“This partnership portends a truly exceptional opportunity for understanding the deeply buried—and effectively hidden—geology of northeastern Nebraska,” said R.M. Joeckel, Nebraska State Geologist and Director of the Conservation and Survey Division. “This project is the kind of well-planned regional effort that can put geophysical data into a more meaningful regional context than ever before. I suspect that we will learn far more than what we imagined. Without it, we might never have a chance to know more about that area. I am gratified that this has come to pass and so very excited to see and use the results. Furthermore, we here at Nebraska’s Conservation and Survey Division are very pleased to work with our colleagues in the other state surveys and at the USGS.”
The study will be funded and conducted through the USGS Earth Mapping Resources Initiative (Earth MRI), a partnership between the USGS and state geological surveys to modernize understanding of the nation’s fundamental geologic framework through new mapping and data collection. The Bipartisan Infrastructure Law accelerates Earth MRI with additional funding over five years with a focus on understanding domestic critical-mineral resources both still in the ground and in mine wastes. The new data and mapping will also inform planning for infrastructure and natural hazards such as earthquakes, and management of energy and water resources.
These airborne geophysical surveys will collect a combination of magnetic and radiometric data. These data can be used to map rocks from just beneath trees and grass to several miles underground. Magnetic data can be used to identify ancient faults, magma bodies and other geologic features. The radiometric data indicate the relative amounts of potassium, uranium and thorium in shallow rocks and soil. Scientists use this information to help map rocks that may contain mineral deposits, faults that may rupture during an earthquake, areas that may be prone to increased radon, and areas likely to contain groundwater- or energy resources.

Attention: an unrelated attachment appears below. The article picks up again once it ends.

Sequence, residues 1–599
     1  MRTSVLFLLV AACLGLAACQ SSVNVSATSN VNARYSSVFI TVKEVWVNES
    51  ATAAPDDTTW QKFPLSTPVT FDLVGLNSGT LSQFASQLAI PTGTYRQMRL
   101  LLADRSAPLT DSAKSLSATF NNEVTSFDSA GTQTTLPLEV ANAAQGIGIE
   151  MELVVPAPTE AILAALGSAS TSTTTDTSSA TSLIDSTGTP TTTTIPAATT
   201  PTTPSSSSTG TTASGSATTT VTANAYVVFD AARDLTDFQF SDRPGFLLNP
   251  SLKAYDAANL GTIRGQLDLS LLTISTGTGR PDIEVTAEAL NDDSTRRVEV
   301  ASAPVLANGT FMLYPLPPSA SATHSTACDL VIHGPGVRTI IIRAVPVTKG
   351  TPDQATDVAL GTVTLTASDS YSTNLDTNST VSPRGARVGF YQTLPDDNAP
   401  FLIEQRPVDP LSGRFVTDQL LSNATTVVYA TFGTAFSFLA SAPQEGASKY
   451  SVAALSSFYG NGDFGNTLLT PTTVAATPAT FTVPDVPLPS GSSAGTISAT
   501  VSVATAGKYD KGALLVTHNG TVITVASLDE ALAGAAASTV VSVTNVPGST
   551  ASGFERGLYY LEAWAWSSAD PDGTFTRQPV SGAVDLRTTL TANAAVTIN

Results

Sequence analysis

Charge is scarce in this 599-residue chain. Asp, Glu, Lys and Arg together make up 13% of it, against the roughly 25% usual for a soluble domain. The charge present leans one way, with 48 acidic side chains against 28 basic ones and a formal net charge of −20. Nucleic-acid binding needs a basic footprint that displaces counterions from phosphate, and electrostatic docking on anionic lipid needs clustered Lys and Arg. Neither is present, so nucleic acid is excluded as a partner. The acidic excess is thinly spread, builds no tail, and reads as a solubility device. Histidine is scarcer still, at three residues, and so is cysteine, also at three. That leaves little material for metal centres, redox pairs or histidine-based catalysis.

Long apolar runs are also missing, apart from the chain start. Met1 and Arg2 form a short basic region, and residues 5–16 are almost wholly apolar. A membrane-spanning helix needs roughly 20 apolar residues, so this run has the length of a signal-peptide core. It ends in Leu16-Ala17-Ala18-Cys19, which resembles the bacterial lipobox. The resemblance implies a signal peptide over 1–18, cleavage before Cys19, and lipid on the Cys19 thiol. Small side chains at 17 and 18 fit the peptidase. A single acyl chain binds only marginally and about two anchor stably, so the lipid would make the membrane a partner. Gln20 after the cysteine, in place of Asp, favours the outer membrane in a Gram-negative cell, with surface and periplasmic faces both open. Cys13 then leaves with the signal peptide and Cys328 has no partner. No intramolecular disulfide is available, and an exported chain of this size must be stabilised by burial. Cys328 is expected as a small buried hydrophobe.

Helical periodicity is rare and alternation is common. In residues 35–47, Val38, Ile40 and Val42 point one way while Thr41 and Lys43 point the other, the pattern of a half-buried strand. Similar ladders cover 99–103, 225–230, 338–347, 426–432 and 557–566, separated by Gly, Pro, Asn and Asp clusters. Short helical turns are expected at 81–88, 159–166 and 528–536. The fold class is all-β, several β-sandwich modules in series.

The initial airborne geophysical survey will be followed by additional investments including new geologic maps, topographic surveys, geochemical sampling and other techniques to study the chemistry of mine wastes and surrounding lands.
The Bipartisan Infrastructure Law is advancing scientific innovation through a $510.7 million investment for the USGS to better map the Nation’s mineral resources both still in the ground and in mine wastes, to preserve historical geologic data and samples, and to construct a USGS energy and minerals research center in partnership with the Colorado School of Mines. Earlier this year, the USGS announced $74 million in mapping of critical minerals through the USGS Earth Mapping Resources Initiative.
The survey will look at the following critical-mineral commodities in the central Great Plains:
- Chromium, used primarily in stainless steel and other alloys
- Cobalt, used in rechargeable batteries and superalloys
- Lithium, used primarily for batteries
- Nickel, used for special alloys, stainless steel, and high-temperature applications
- Niobium, used mostly in steel alloys
- The platinum group elements, used for catalytic agents
- The rare earth elements, primarily used in magnets and catalysts
- Scandium, used for alloys and fuel cells
- Tin, used as protective coatings and alloys for steel
- Titanium, overwhelmingly used as a white pigment or metal alloys
More information on Earth MRI can be found here. More information on how the USGS is investing funding from the Bipartisan Infrastructure Law can be found here. To learn more about USGS mineral-resource and commodity information, please visit our website and follow us on Twitter.